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Friday, 28 November 2008

From Today's Papers - 28 Nov

Commandos to Flush Out Terrorists in Mumbai,
125 Dead

More than 24 hours after terrorists sneaked into Mumbai from the sea to unleash India's most audacious terror attack, commandos were Thursday night set to flush out gunmen holding hostages in a luxury hotel, with at least 125 people already dead and 327 injured.

Prime Minister Manmohan Singh flew into India's commercial capital at night and drove straight from the airport to the JJ Hospital to meet some of the injured even as a huge fire raged in the landmark Taj hotel facing the seafront Gateway of India monument.

Occasional bursts of gunfire and explosions were heard from the Taj and the nearby hotel Oberoi Trident as commandos from the National Security Guard (NSG) threw a ring around the two places and the Nariman Bhavan to isolate a small number of gunmen holding hostages, foreigners included.

By evening, NSG director general J.K. Dutt announced that only two terrorists remained to be captured or killed in the Oberoi complex while a single terrorist, injured but still free, was holed up in the Taj. He also said his men were "in total control of the situation" at Nariman Bhavan.

By evening all hostages had been freed from the iconic Taj hotel, one of the first of 10 targets of the terrorists.

As the evening progressed, several hostages were seen walking out of the Trident hotel and the Nariman House in south Mumbai where the terrorists, believed to be from Pakistan, had fanned out after landing in darkness at a fishing village Wednesday night by boat armed with arms and ammunition.

In no time, the gunmen began firing from automatic rifles and hurling grenades, killing people at will. By Thursday evening, the death toll had risen to 125, including about half a dozen foreigners.

In New Delhi, before flying to Mumbai, a grim looking Manmohan Singh addressed the nation: "It is evident that the group which carried out these attacks, based outside the country, had come with a single-minded determination to create havoc in the commercial capital of the country.

"We will take up strongly with our neighbours that the use of their territory for launching attacks on us will not be tolerated and that there would be a cost if suitable measures are not taken by them."

Assisting the NSG were the army and the navy as well as the riot police.
As they prepared for the final onslaught, three fires broke out at the Taj extensively damaging the 105-year-old heritage building. At the Oberoi, people were seen waving desperately from the windows.

"It's a motivated, well planned terrorist attack," added Major General R.K. Hooda of the Indian Army.

TV grabs showed that some of the terrorists were young, trendily dressed in jeans and T shirts and carrying rucksacks.

One of them, calling himself Shahadullah, telephoned India TV channel to say he was from the Indian city of Hyderabad and belonged to a previously unheard of group called the Deccan Mujahideen.

Speaking in Hindustani with an accent, the man said the attack had been carried out to avenge the 1992 destruction of the Babri mosque in Ayodhya and the "repression" of Muslims in India. He said the hostages would be freed only in exchange for the "mujahideen" in Indian prisons.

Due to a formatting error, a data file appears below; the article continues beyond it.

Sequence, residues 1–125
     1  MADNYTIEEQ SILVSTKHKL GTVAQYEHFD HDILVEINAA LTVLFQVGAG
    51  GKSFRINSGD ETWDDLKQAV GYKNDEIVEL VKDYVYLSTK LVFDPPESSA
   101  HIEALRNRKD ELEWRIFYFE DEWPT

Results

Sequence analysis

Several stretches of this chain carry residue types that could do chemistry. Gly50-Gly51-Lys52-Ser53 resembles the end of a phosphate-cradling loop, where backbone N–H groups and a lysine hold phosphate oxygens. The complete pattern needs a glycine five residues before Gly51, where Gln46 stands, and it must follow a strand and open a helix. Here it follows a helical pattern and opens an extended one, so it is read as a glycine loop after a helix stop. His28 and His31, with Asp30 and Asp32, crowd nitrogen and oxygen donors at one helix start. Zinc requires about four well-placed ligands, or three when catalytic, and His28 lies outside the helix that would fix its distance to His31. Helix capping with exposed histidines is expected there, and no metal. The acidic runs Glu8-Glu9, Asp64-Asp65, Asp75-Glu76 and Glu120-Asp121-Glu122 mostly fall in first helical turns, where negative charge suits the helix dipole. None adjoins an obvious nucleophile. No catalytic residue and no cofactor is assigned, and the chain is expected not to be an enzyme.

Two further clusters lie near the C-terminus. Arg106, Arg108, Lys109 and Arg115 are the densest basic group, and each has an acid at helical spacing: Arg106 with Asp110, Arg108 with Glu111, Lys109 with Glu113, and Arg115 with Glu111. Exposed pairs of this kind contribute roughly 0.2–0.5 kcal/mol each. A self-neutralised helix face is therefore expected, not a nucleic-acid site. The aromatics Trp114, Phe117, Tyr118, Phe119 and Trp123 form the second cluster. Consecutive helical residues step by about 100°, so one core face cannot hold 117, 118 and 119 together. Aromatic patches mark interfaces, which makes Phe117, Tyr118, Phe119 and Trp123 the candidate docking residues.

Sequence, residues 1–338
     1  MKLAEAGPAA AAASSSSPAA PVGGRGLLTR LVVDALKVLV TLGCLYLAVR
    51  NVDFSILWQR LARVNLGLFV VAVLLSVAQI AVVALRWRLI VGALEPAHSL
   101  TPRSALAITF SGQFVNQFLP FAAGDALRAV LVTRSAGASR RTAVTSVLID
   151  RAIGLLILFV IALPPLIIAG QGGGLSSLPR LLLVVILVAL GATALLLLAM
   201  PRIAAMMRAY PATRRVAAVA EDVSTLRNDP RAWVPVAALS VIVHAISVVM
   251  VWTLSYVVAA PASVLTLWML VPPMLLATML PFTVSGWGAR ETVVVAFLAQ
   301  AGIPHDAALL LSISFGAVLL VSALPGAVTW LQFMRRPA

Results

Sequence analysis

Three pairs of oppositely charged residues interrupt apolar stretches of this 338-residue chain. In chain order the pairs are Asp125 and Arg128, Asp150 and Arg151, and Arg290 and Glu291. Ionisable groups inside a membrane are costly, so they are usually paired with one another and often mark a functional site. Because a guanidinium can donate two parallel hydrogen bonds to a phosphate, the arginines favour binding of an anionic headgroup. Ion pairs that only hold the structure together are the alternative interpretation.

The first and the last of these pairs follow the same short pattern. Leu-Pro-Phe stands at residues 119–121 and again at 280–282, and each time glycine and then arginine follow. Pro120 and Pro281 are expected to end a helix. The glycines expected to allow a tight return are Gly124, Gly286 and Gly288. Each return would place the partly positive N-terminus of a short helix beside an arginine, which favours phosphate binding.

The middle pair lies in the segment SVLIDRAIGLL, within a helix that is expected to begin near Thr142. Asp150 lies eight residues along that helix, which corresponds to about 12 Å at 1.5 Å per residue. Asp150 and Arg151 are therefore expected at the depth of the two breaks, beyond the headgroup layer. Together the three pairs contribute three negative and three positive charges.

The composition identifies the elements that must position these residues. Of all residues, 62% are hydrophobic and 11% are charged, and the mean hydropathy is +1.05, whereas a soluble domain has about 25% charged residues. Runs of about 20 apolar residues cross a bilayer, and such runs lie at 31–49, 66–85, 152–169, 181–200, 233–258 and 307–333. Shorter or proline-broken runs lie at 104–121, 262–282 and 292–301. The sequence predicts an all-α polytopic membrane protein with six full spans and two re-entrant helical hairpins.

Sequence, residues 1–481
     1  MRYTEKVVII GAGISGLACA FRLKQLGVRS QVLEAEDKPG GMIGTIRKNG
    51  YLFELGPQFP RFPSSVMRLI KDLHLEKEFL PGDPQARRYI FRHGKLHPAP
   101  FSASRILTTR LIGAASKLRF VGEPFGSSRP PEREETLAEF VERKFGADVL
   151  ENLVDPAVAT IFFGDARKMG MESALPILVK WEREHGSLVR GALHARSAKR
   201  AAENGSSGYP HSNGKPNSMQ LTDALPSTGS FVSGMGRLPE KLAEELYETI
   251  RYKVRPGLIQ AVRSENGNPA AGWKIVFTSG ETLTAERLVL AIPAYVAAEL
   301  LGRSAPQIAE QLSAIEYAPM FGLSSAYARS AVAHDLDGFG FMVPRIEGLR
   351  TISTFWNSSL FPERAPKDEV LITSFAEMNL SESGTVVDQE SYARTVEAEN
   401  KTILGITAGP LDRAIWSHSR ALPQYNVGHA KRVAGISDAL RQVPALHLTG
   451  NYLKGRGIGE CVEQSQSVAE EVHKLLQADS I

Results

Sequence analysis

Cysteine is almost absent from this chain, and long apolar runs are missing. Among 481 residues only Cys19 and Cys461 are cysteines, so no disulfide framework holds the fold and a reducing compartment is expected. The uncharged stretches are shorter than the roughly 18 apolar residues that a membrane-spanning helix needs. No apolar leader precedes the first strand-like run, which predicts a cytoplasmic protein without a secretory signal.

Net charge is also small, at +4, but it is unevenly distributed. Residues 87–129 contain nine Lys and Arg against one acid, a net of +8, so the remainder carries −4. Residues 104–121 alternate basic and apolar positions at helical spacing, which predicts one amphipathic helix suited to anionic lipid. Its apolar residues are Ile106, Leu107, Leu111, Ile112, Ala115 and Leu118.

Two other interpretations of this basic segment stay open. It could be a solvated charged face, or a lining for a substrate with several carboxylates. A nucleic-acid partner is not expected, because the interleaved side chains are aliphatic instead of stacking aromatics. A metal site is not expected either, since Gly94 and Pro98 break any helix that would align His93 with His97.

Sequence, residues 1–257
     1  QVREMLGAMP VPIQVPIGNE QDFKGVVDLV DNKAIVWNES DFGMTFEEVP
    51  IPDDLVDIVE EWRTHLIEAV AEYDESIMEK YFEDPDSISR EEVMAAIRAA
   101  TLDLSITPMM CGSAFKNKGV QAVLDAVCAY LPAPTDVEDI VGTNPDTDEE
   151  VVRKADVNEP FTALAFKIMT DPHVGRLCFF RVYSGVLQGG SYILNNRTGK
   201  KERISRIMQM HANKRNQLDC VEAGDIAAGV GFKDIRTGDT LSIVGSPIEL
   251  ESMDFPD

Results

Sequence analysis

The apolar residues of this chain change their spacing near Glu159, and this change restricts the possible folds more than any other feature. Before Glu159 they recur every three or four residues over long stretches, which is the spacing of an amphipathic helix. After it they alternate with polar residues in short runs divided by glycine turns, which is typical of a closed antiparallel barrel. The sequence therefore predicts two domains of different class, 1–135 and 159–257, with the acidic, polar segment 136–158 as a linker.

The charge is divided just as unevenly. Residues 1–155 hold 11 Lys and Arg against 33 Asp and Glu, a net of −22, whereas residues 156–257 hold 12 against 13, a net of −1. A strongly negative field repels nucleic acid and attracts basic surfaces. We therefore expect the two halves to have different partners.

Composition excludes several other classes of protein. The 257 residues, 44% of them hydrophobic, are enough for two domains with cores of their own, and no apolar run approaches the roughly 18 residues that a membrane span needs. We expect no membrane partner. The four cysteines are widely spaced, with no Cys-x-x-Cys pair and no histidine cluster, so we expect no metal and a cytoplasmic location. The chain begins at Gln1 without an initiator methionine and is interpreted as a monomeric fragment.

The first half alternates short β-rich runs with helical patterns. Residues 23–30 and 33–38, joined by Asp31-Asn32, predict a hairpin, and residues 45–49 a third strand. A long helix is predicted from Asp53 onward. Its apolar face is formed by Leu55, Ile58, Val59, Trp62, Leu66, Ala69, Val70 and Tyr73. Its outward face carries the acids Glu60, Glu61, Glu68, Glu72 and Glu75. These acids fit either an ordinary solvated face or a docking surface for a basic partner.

But an army officer supervising the operations said the terrorists were conversing in Punjabi. He said one arrested terrorist was from Faridkot in Pakistan.

Mumbai remained tense through the day, with few people venturing out of their homes. Most suburban trains -- the city's lifeline -- ran virtually empty. Schools, colleges and businesses were shut. Wednesday's attack was the third major terrorist strike in Mumbai since March 1993.

A stunned international community condemned the wanton killings. US president-elect Barack Obama asked Washington to work with India to root out and destroy terrorist networks worldwide. UN Secretary-General Ban Ki-moon said: "Such violence is totally unacceptable." The European Union also denounced the terrorists.

The US, Britain, Canada, Australia and France were quick to warn their citizens to avoid travel to Mumbai. The US embassy in New Delhi urged its nationals to defer travel to Mumbai for 48 to 72 hours.

In Chandigarh, Pakistan Foreign Minister Makhdoom Shah Mahmood Qureshi denounced the killings as "barbaric". He said Islamabad had faced similar situations and it would be immature to link the attack to his country.

Despite the crisis and his promise not to take up divisive issues now, Bharatiya Janata Party leader L.K. Advani was critical: "The government itself is terming it intelligence failure, so I should not say anything."

The survivor stories were plenty.

Indian Communist MP N.N. Krishnadas said after being rescued by commandos Thursday: "I was having dinner with some colleagues when two masked militants barged into the restaurant. They fired indiscriminately. I saw three people being shot. The terrorists left the room soon after."

Mumbai Terror: Defence Minister to meet with top military brass

Press Trust of India / New Delhi November 27, 2008, 13:46 IST

With terrorists striking in Mumbai, Defence Minister A K Antony has convened a high-level meeting of the armed forces today to review the situation.

The meeting is likely to be attended by Chiefs of Staff Committee Chairman Admiral Sureesh Mehta and Air Force Chief Fali Homi Major, apart from top intelligence officers of the services, Defence Ministry sources told PTI here.